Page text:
Column: TV cameras bring drama to Rams' blowout
To know how ridiculous it got at New Canaan High Friday night is to know a News12 helicopter hovered above Dunning Field for the first hour and a half.
Its blades creating a constant, low-decibel fluttering sound, the chopper's presence was only part of the show that was New Canaan vs. Greenwich, but it signified just how "important" the game was. Not in the FCIAC standings, mind you, but in the greater Fairfield County area.
From now on, if you prove you can win, the television trucks will arrive.
"I thought that was a little weird. I was like, Is that a blimp?" Rams wide receiver Kevin Macari said of the aircraft peering from above. "But it really wasn't a distraction."
The Rams proved their weren't distracted by the MSG Varsity television network, which brought in a legion of reporters, commentators, production trucks, extracurricular interactive-for-the-family activities and merchandise tents. There was even a pre-game show that was set up in the way the NFL Network, FOX or CBS erects a stage on the side of the field for the biggest games of the NFL season.
The 7-1 Rams handled 5-3 Greenwich, 42-20, but that's not the story. The story is men holding boom mics on the sideline, sucking up the noise from the field for the viewers at home. The story is more media showing up to cover the game than the average UConn football tilt endures. The story is television timeouts between quarters, football players and coaches shivering in the below-40-degree temperatures as they adjusted to game life under the camera lens.
This amplified attention has become life in the football world of the FCIAC, an era where gridiron glory has slowly but surely begun to be as aggressively covered as it is in diehard pigskin states like California, Texas, Florida, Georgia and Tennessee.
Now, live cameras are a part of the formula, and although this was the only game of the year--in all likelihood--that will feature the Rams in a live setting, that could change in the coming years, especially if New Canaan racks up more double-digit-win seasons. MSG Varsity has seen a lot of positive reaction and interest in having live telecasts. So long as New Canaan, Darien, Greenwich, Staples keep winning big, the cameras should keep showing up.
"I think the FCIAC in particular is a very strong league," Rams head coach Lou Marinelli said. "We think it's the best league in the state, but I'm sure the other leagues feel the same way about theirs. I know the coaches in this league work very hard, so get this kind of exposure is great. Years ago it was just Jersey and some of the New York schools. But for us to be on live TV: I think it's wonderful."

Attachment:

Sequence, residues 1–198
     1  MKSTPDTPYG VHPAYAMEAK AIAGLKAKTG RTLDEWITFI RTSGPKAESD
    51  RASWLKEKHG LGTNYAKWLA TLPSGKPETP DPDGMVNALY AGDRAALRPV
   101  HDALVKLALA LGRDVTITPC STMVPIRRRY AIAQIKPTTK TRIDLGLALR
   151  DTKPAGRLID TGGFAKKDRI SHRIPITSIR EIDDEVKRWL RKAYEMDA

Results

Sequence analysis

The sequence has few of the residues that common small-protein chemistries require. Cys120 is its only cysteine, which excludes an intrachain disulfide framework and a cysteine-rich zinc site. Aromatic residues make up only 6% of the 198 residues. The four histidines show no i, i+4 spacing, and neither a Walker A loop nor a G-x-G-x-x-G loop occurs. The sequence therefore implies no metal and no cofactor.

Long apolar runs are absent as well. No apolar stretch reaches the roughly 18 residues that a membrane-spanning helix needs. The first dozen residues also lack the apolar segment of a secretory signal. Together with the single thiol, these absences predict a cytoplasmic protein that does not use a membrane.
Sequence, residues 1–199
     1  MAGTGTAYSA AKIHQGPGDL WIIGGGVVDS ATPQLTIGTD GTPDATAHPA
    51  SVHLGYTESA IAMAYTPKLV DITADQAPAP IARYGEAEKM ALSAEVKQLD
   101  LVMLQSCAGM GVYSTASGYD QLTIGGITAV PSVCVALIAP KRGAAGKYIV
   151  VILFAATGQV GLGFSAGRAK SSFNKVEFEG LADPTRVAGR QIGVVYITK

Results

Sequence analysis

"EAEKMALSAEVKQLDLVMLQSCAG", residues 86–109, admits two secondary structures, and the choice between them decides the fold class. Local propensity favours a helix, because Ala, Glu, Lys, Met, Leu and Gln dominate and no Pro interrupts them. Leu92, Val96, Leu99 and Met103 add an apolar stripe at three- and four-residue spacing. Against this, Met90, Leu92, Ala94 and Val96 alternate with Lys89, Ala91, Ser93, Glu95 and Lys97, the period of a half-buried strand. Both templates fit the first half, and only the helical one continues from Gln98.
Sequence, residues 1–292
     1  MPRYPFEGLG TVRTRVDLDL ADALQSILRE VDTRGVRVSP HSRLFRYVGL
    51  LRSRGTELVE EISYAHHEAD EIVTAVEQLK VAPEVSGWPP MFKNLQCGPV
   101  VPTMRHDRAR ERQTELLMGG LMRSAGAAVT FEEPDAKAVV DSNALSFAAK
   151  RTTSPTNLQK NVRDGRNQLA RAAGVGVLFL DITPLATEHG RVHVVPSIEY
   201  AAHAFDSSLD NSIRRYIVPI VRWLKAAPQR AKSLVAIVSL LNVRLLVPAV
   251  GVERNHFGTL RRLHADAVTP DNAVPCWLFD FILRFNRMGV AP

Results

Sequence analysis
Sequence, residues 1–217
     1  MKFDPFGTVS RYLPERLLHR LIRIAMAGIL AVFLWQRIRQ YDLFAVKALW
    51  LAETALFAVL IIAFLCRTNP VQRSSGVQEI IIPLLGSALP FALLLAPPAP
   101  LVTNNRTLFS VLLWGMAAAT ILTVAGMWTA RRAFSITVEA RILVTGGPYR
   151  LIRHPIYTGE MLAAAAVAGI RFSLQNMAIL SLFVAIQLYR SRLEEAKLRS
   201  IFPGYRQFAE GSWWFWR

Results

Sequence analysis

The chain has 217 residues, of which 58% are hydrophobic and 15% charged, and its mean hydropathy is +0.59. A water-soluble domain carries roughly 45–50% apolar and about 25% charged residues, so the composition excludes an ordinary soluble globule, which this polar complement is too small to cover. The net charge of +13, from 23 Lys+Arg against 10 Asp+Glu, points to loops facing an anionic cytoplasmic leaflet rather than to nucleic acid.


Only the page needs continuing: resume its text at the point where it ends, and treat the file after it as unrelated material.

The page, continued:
Many agreed the scene at Friday night's game was unlike anything ever pulled off at New Canaan High. Homecoming was last weekend; it came the day after New Canaan inducted nearly 10 new members into its sports Hall of Fame. But the crowd tonight was bigger, despite the typical November chilly temperatures. The visiting crowd for Greenwich was healthy-sized. A mobile pizza truck parked in Hawes Plaza and sold $10 pies. Mounted to the truck was a 52-inch hi-def television that broadcast the game happening 50 yards away.
You couldn't turn anywhere without seeing indications of what has become of the Rams' football program, the passion the area has for the sport and how ambitious MSG Varsity has gotten with its coverage. There was one cringe-worthy sight, however -- a scissor lift with a camera man standing atop it. Those who follow sports know that just a week and a half ago a Notre Dame student was killed after falling from a scissor life when gusty winds toppled it over.
There was no reason to panic tonight over a mishap, but Declan Sullivan's -- the student alluded to above -- death has m' work.n
As for the game, players said, naturally, it was all the buzz in the hallways for the past few days. No nerves before kickoff, just anxiety to play Greenwich and show folks tuning it at home how strong New Canaan's program is.
"We've been on TV several times before, but it was kinda cool being on live TV," Macari said. "We had to take our focus away from the cameras and the lights, and everything like that, and just go play our game. For the seniors, it's our second-to-last home game."
Senior Joe Costigan played a terrific game on defense. He, Macari, quarterback Matt Milano and lineman Conor Hanratty -- who next year will be thrown into something even more intense in every possible way when he's wearing a Notre Dame uniform -- stepped their games up under the bright lights.
"It was just awesome knowing we'd be on live TV. It got our school pumped up, our team pumped up," Costigan said. "Everyone was ready to go. It was really cool, 'cause it was like a new thing for a lot of people, so when MSG Varsity is here live, it's a really great atmosphere. ... For the student section, it was a great environment."
The critics of having MSG Varsity overtake the campus Friday night were few. Marinelli addressed what the night meant, and why it was beneficial to have the broadcast.
"I think it's a great thrill for the kids, and any inconvenience it may cause is certainly outweighed by the thrill of having our town be featured on MSG Varsity," Marinelli said. "I think we have one of the best high schools around, and for them to come around and interview our kids, go through the halls--I think they interviewed our principal--and show case what we've got."
Amid all of this came embarrassment for the Cardinals on live regional television. Both coaches couldn't recall the last time New Canaan so handily defeated Greenwich. It was an unprecedented night in a lot of ways, and the Rams players and coaches made the most of what could soon be a not-so-rare opportunity.